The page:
Once she coaxes me into the clothes, however, I’m interested to discover that shades I have ruled out for decades – thinking they clash with my skin tone – don’t make me look washed out in the way I had thought they would. Which is a good lesson in recognising that your skin tone changes over time and that you might need to reassess what the Colour Me Beautiful lady told you in the 90s.

After the trying-on session, I’m excited, but still a bit daunted. And overwhelmed by the choice.

Stephanie brings me back from the brink by telling me the good news: there are different takes on the trend, some of them requiring more bravery and styling skills than others.

So here it is, your guide to embracing colour.



rosie green
Dress, £700, Shoes, £95,

Embracing colour blocking doesn’t get more straightforward than this –a piece where the designer has done all the shade matching for you. Beautifully cut, this dress by Edeline Lee combines hues of aqua, forest green and ocean blue to striking effect and is super-easy to wear – just throw it on and, bang, feel sophisticated and daring. It’s a piece I shall save up to own as nothing about it makes me feel exposed and it’s colourful enough to bring me that dopamine hit.



Jumper, £240, Trousers, £550, Shoes, £169, pretty

This is a more tonal take on the look: think different pieces that are all from the same colour family. Here I am wearing shades of rich plum and a hot pink, which together make my heart soar. You can also do tonal by picking one strong colour and adding more pastel versions– as shown here with my cobalt blue dress and softer blue accessories.

Dress, £150, Necklace, £95, monicavinader. com. Bag, £420, Sandals, £40,

I found this second look so easy to wear as it’s bright but not ‘out there’. The only rule when doing tonal is that the shades can’t be too similar as you’ll end up looking like you’ve tried to match them but made a mistake.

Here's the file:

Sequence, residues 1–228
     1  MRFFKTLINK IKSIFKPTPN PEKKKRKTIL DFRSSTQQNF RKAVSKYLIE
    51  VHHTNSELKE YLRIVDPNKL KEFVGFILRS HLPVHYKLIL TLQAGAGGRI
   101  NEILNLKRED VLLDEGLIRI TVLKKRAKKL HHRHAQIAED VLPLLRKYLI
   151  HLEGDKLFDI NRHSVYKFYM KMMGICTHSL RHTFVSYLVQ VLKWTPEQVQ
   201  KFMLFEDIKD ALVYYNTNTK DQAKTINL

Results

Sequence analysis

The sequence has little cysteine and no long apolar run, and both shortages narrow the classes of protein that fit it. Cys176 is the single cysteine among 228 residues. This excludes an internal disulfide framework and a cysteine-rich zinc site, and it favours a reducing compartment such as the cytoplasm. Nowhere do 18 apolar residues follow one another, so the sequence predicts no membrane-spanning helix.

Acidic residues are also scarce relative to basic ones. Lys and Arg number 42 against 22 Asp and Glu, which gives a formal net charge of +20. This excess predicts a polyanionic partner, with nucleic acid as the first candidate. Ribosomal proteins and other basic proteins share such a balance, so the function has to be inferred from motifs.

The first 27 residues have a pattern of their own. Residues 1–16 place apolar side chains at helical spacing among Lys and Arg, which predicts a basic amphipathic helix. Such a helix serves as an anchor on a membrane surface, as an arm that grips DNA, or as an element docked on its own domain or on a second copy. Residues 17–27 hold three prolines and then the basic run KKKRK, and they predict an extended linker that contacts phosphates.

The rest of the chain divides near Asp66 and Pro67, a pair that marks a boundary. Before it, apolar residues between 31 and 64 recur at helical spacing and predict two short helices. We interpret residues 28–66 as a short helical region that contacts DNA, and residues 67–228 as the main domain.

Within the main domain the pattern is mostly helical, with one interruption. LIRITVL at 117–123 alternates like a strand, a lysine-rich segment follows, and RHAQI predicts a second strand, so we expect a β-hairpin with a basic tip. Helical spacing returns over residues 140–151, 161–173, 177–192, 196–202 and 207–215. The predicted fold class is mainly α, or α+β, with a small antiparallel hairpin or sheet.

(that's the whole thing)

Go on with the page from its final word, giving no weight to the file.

Blazer, £700, Dress, £378, Sandals, £30,

Here you take a neutral hue such as navy or khaki and, by teaming it with a very bright colour, you give the neutral punch. The result is both bold and arresting. Take the khaki dress I’m wearing ‒ it’s a neutral tone, but by styling it with the yellow jacket both shades look strong and create a colour-block effect. This take is ideal for people who need the security of a safe neutral.

Top, £405, Trousers, £59, Sandals, £395,

Another example of this look is my orange top and navy trousers combo. A dark denim and bright neon T-shirt would also work well.



jumper, £245, and skirt, £131, Alice+ Olivia, Shoes, £30, Raid,

This bold look requires the most chutzpah, but pulling it off is simply a matter of confidence and finding joy in your favourite colours. Pick from red, yellow and blue pieces and style them up with each other. You can also use non-primary colours, but they must be opposites on the colour wheel and hues that are strong and shouty– think unapologetic rainbow shades such as green, orange or indigo. If possible try to mix textures, too – as seen here with my knitted top and satin skirt.


Shoot done and I’m feeling 100 per cent more confident about colour. However, to ensure I don’t end up looking like a children’s entertainer, I ask Stephanie for a few final pointers.

‘Stick to three colours maximum, keep the cut and shape of pieces clean and simple and avoid anything too girlish such as puffs, frills or Peter Pan collars,’ she tells me.

Noted. I’ll still never buy a pink suit (there are fashion traumas you never get over) but I am saving up for the Edeline Lee dress. And I’ve reappraised which colours suit me (based on looking in the mirror, not ideas from years ago). I’ve also realised experimenting is key to feeling good in clothes. As is being a bit brave.

By embracing brights again I’ve rediscovered the risk-taking, fashion-loving girl I was before that fateful day at Vogue. Let the sunshine in…